Seminars & Colloquia

Joe Hellerstein

Computer Science, UC Berkeley, California

"Declarative Networking: What is Next"

Monday February 25, 2008 04:00 PM
Location: 3211, EB-2 NCSU Centennial Campus
(Visitor parking instructions)

This talk is part of the Triangle Computer Science Distinguished Lecturer Series



Declarative languages allow programmers to say "what" they want, without worrying over the details of "how" to achieve it. These kinds of languages revolutionized data management decades ago (SQL, spreadsheets), but have had limited success in other aspects of computing. The story seems to be changing in recent years, however. One new chapter is work that my colleagues and I have been pursuing on the design and implementation of declarative languages and runtime systems for network protocol specification. Distributed Systems and Networking appear to be surprisingly natural domains for declarative specifications, and -- given recent interest in revisiting Internet Architecture from scratch -- these domains are ripe for a new programming methodology. The results of our first phase of research have been exciting: we have implemented complex networking infrastructure in 100x less code than traditional implementations, and our programs often match very closely (sometimes line-for-line) with psuedocode published by protocol inventors. As the work on core declarative networking has matured, a number of groups have begun pursuing related applications for declarative languages, including our own emerging work on hybrid protocol synthesis, distributed Machine Learning, and language metacompilation, as well as initial work by others on replication systems, security, distributed debugging, consensus protocols, and modular robotics. This talk will introduce the concepts of Declarative Networking, the state of the research agenda today, and new directions being pursued.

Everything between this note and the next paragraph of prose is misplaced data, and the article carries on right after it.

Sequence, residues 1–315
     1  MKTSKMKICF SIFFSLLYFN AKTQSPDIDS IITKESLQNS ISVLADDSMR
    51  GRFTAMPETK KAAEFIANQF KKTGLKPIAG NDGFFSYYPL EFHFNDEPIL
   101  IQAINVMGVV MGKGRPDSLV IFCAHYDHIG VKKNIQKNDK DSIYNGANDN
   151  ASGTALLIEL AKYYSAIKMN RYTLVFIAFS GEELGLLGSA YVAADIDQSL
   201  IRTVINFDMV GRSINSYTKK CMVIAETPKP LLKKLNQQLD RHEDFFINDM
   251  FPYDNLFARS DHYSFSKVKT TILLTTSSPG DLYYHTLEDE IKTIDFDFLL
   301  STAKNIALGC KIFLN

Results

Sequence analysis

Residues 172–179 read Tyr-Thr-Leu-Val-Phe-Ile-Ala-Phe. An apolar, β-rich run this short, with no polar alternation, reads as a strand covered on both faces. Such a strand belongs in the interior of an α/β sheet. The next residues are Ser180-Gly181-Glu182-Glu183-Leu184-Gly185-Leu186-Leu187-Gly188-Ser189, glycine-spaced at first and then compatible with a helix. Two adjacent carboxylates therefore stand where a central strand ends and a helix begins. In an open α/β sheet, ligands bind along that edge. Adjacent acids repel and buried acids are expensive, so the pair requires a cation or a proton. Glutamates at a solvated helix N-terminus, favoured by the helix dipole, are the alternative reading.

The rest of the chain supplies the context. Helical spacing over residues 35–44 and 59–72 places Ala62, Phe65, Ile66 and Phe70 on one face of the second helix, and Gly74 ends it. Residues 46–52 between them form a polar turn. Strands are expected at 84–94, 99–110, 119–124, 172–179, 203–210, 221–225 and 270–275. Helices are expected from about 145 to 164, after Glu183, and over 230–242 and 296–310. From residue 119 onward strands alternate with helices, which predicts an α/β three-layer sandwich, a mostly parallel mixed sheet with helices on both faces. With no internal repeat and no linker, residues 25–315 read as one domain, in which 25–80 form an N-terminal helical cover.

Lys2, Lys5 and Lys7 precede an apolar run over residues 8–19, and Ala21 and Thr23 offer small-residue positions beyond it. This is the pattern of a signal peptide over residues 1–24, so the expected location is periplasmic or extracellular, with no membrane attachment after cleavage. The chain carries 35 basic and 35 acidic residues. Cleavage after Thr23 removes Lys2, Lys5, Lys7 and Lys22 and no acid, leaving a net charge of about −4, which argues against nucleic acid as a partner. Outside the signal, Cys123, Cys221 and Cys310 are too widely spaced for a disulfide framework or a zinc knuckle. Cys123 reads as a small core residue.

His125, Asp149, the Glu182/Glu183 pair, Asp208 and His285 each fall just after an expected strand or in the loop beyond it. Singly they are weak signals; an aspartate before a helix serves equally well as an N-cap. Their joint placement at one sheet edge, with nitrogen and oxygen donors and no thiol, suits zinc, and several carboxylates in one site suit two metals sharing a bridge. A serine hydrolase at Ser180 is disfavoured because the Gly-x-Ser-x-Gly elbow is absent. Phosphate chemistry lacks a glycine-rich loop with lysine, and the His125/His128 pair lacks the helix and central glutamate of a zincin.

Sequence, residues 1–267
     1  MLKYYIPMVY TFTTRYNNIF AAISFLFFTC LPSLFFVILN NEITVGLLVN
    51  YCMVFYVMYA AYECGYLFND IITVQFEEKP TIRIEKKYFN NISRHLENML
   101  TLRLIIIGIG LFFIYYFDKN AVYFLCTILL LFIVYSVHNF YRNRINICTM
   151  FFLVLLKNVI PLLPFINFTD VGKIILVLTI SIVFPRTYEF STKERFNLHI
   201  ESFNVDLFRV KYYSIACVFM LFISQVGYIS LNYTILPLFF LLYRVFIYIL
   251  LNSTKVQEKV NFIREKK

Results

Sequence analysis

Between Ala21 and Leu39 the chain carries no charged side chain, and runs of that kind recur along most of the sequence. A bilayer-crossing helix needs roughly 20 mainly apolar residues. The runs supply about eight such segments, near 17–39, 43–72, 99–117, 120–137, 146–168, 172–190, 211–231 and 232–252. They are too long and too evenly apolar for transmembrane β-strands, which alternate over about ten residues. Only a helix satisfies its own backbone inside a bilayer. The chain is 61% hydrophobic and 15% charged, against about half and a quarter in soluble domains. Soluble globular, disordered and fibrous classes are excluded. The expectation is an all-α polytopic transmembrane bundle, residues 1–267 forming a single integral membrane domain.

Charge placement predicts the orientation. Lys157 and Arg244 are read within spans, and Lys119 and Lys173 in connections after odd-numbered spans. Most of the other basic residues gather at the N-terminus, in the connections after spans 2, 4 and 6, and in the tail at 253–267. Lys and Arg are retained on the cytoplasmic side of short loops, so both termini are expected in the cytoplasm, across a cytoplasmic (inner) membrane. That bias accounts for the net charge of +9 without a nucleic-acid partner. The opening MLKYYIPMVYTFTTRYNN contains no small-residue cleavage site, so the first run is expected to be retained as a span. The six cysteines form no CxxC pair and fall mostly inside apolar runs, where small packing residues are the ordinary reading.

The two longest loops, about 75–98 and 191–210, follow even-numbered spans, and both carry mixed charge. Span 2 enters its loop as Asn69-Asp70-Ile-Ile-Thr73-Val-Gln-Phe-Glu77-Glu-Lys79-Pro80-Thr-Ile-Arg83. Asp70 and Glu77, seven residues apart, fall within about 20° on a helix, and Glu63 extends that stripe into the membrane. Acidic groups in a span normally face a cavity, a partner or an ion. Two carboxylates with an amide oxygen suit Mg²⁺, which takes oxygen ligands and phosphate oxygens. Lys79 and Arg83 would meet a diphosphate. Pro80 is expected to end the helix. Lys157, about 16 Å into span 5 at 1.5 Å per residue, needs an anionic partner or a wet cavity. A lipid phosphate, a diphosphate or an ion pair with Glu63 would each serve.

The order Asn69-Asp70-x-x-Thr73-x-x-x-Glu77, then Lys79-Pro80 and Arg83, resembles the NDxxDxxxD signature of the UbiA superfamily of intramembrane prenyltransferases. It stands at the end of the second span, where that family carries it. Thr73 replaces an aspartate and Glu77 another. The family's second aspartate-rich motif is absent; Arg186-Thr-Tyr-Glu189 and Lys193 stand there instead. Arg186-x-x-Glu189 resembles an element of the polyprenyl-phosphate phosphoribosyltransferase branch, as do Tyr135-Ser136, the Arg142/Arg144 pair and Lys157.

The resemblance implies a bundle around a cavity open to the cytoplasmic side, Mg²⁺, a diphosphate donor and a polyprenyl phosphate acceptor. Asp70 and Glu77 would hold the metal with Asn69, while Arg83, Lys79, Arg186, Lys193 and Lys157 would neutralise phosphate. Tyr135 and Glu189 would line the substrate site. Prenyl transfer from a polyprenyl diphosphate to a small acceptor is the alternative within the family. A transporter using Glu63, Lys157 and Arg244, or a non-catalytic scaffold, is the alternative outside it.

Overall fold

Short Bio:

Joseph M. Hellerstein is a Professor of Computer Science at the University of California, Berkeley, whose research focuses on data management and networking. His work has been recognized via awards including an Alfred P. Sloan Research Fellowship, MIT Technology Review's inaugural TR100 list, and two ACM-SIGMOD "Test of Time" awards. Key ideas from his research have been incorporated into commercial and open-source database software released by IBM, Oracle, and PostgreSQL. He has also held industrial posts including Director of Intel Research Berkeley, and Chief Scientist of Cohera Corporation.

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Host: Shivnath Babu, Computer Science, Duke

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